Who We Really Are

“People have a need for meaning and for belonging,” Dr. Gabor Maté writes. “But this society defines the value of a human being by how much they can either produce or consume. For all our talk about human values, we don’t really value humans for who they are. We value them for what they either give or purchase.”

I’ve been thinking about Maté’s quote a lot lately. In my post last week, “We Can Do Better than This,” I mentioned one of the plights of capitalism: homelessness. The underlying sentiment is if a person is poor, or mentally ill, or physically incapacitated, or old, they have no value. They can neither produce or consume anything so they are shunted off to the side where we don’t have to think about them. However, I would like to point out it’s not only certain segments of society who are harmed by the notion of what is valuable, it’s all of us.

On Tuesday, my dear friend Amal called me up and asked if I’d like to go to the Chapel of the Chimes, which is a crematory and columbarium. Afterward, we walked through the adjacent cemetery and watched the sunset. Seeing the sun set over the bay, I felt like crying because this, this, is what life is really about – not checking off my to-do list, not producing content, not building up my following on social media.

The sunset I mentioned. Photo credit Amal.

The sunset I mentioned. Photo credit Amal.

In our materialistic society, I absolutely define my value by what I’m producing and I know businesses define my value by how much I’m able to consume. That means if I don’t produce something every single day, my perceived self-worth diminishes. Heaven forbid I take a rest day! That’s also why my health condition, maladaptive stress syndrome, is so freaking challenging: I’m tired all the time. I need more rest than the average person, but that also means I can’t do as much as the average person. And because I can’t do as much, produce as much, my self-worth goes in the toilet.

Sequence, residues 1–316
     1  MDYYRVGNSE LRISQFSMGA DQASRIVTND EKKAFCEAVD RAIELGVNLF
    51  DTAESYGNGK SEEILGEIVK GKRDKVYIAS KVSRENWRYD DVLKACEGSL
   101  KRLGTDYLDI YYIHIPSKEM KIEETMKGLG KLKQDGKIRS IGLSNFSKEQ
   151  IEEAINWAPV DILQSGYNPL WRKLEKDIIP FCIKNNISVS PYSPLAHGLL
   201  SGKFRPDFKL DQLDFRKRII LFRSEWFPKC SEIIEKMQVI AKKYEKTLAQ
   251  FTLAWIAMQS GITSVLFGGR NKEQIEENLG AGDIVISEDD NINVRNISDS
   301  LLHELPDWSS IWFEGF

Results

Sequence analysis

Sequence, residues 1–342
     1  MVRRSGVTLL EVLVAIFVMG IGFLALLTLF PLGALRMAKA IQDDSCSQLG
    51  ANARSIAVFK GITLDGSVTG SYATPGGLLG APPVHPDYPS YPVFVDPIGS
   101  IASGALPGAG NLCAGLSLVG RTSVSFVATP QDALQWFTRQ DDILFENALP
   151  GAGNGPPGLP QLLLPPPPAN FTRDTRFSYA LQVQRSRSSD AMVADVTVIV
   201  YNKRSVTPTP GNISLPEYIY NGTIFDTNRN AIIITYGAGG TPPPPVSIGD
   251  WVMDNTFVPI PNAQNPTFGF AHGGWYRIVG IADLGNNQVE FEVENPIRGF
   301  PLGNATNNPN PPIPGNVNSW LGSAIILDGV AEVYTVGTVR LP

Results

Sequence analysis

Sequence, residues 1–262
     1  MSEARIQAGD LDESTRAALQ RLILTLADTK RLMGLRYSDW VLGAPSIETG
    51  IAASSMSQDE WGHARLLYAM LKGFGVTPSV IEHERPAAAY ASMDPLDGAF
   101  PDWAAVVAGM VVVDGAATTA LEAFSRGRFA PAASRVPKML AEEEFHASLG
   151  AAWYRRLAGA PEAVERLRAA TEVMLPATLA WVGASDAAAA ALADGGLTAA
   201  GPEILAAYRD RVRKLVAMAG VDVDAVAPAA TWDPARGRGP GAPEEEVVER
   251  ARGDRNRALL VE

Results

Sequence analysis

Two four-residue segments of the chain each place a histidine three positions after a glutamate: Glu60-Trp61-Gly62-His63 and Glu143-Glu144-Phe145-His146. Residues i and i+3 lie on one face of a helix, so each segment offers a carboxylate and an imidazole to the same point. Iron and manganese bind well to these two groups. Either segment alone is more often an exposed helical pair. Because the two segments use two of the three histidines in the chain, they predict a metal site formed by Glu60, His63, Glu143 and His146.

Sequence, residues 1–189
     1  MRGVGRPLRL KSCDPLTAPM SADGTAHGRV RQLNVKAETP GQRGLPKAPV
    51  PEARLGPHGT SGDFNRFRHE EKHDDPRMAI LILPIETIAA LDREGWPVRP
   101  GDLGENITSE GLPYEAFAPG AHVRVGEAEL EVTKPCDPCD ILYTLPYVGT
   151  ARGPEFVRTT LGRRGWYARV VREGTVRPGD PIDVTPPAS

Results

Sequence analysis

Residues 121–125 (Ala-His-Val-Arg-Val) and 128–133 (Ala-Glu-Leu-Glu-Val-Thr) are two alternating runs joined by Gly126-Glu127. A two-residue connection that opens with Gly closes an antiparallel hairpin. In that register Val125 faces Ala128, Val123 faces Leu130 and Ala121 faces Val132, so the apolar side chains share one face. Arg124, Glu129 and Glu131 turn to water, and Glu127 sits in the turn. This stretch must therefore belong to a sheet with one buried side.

I have to remind myself over and over what my life is really about, which is to achieve a divine union, and that’s not dependent on how much money is in my bank account or how many followers I have on instagram. Furthermore, my spiritual teacher says, “The Milky Way is vast from one end to the other; an ant is a very small creature, but the role of both of them in maintaining the balance of the universe is equal. If one ant meets a premature death, it will disturb the balance of the entire cosmos. Therefore, nothing here is unimportant, not even an ant.”

That means I’m important, you’re important, we’re important even if we never win a Nobel prize or an Oscar, because our worth is not inherent on what we’re doing. I could lie in bed all day every day and be just as important as a school teacher. I have to tell you I have so much resistance to saying that, but I’d really like to believe it’s true. If the Milky Way is just as important as an ant, how could it not be?

I dream of a world where we recognize our inherent value and worth as precious human beings. A world where we realize we matter just because we are alive. A world where we remember we are blessed children of the universe, no less and no more important than anyone else. A world where we remember who we really are.

Another world is not only possible, it’s probable.

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Rebekah
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